I must reduce my footprint, the space in my home, and life in which possessions contribute nil to sustaining the momentum required in achieving my goals. Marie Kondo’s series on Netflix, “Tidying Up With Marie Kondo,” acquainted me with the basics, and like her clients featured on the show, the emotions we attach to our possessions present obstacles to jettisoning, without remorse, the accumulation of stuff we’ve acquired over the years. I confess sharing traits with packrats, but I intend to keep my mind focused during the process of decluttering. I will have to overcome the emotionalisms of sentimentality, nostalgia, and falsehoods from thinking, ‘I may need that’ for something. Oh, dear, this ain’t gonna be easy.
I’ve decided whether I stay rooted in my home or sell and bug out, I need to declutter my life of items that occupy space in my house and in my head that conflict with mission objectives. I must soldier on and defeat the enemy: junk. Sell, donate, and trash comprises the categories of possessions that fail protocol, the rules of engagement that govern the disposition of essentials versus clutter.
My mother’s piano is an item of sentimentality that requires sensitivity in what I do with it because of its history. When ten years old, I witnessed my mother deciding to find work so she could buy a piano and learn how to play. My father could have bought it for her, but she wanted to procure it her way with her money. I believe she would approve if I bequeathed it to a church in her memory. The task of donating it depends on me residing in the house. As long as I am living here, mom’s piano has a place in my home. In my mind’s eye, I see her seated at the bench tickling the ivories.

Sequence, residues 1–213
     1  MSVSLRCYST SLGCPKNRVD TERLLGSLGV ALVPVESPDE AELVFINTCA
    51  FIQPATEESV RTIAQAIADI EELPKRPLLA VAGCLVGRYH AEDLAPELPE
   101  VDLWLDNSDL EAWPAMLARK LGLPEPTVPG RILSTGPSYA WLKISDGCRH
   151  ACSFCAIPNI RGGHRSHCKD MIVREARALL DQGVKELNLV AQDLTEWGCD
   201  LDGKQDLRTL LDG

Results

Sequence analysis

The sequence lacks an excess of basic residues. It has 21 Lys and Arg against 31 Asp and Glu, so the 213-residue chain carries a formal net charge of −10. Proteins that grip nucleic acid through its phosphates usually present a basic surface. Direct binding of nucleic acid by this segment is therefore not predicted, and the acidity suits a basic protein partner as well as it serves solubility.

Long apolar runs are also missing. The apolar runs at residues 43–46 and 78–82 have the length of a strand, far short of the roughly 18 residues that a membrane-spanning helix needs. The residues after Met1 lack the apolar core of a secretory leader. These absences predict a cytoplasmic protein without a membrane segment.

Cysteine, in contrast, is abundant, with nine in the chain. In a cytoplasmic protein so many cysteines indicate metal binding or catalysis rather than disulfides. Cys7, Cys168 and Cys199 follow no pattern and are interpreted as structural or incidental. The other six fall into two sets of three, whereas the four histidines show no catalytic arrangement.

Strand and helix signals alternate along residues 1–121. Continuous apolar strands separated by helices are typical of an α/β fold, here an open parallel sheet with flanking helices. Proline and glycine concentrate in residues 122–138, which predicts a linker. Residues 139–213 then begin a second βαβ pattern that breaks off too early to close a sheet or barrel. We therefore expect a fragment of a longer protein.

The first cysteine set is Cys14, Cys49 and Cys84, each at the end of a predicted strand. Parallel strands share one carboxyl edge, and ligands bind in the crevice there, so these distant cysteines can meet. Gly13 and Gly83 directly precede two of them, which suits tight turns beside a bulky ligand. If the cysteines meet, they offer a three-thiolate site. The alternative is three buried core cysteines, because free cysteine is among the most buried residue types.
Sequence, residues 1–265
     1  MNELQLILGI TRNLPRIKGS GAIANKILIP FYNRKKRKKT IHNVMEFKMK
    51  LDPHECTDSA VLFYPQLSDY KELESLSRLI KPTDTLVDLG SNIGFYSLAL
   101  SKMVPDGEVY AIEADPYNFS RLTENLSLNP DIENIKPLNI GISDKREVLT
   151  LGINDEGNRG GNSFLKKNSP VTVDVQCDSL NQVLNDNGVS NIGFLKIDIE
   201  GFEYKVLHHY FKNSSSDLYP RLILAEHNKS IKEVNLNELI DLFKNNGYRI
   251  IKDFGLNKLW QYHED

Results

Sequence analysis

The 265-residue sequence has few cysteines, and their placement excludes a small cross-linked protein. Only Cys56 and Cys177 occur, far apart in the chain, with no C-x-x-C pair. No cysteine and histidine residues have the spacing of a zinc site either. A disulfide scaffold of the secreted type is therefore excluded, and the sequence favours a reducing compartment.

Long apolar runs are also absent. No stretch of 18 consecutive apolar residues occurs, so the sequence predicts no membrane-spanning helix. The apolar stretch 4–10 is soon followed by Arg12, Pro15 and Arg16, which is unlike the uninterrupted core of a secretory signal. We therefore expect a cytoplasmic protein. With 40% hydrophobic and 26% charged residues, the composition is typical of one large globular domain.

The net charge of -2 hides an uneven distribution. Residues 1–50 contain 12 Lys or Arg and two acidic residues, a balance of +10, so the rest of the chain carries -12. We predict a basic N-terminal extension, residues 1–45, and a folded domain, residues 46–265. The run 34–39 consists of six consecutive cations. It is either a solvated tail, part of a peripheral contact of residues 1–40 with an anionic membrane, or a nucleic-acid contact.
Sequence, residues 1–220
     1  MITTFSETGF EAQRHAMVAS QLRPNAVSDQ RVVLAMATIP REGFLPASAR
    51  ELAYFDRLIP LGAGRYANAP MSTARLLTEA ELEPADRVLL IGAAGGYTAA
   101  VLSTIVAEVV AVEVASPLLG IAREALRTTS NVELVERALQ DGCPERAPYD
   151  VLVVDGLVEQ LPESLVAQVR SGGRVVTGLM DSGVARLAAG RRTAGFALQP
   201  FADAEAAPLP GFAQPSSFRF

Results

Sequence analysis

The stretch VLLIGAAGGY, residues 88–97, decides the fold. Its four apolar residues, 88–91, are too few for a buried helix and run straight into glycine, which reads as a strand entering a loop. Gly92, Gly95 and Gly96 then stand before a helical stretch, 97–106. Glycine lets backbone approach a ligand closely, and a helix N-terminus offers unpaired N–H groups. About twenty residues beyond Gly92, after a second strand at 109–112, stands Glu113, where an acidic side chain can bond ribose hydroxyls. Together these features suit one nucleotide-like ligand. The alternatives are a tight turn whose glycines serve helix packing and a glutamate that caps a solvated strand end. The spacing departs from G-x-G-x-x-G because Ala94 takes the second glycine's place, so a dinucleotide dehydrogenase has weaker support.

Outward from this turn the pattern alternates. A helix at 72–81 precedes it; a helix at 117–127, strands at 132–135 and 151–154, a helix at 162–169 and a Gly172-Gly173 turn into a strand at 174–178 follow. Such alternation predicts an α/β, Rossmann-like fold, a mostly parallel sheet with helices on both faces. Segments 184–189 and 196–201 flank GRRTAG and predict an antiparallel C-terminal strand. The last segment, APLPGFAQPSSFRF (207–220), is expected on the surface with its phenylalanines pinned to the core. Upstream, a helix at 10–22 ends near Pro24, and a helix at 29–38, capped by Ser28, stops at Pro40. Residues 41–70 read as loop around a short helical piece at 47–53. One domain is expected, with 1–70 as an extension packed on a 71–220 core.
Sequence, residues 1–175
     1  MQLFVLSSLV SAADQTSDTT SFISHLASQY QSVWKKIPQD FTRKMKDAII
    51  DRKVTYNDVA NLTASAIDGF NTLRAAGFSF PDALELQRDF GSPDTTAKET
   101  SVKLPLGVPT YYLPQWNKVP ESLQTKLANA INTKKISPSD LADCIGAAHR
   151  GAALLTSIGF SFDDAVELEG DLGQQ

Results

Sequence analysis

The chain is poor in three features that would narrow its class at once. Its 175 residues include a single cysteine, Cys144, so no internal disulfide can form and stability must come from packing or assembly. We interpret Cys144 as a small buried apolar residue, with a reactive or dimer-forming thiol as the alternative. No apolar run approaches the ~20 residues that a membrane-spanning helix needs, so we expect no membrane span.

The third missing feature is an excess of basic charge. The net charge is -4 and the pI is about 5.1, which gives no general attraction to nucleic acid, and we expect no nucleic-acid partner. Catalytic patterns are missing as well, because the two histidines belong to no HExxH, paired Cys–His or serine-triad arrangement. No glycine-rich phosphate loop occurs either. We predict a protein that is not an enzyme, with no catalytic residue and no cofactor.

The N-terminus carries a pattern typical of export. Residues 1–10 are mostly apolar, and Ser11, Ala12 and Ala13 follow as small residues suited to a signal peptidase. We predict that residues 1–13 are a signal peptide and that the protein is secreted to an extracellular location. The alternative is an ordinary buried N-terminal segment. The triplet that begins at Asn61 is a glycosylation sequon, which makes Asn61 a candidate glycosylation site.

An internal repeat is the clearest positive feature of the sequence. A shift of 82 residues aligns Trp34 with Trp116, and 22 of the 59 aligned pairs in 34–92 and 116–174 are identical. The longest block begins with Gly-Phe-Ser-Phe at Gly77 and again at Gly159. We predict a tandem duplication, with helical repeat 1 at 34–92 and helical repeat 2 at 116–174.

Collectibles and artifacts representing my Japanese ancestry— paintings, plates, pottery, furnishings—shall remain with me in life, for they connect me to my Japanese heritage. Japan is my birth country, and I can not deny the fact that the blood of the rising Sun runs through my veins. America is my home, and my father encouraged me to find balance in the duality of my two heritages. I inherited his collection of country music records, which is my go-to music for reconciling my emotions with the ups and downs of experiencing the human condition. Hank Williams and his contemporaries will stay with me until the Sun sets in the west for the last time.
If I downsize into a house with lessor floorspace, I’ll take my tools and shop equipment with me. I need to give my hands what they need to make things. My dad told me idle hands endangers the mind, and that’s an attitude I can respect for life.
I’ve identified the items of significance for retention, the remaining items need reviewing according to protocol. I made progress today, but the list is daunting.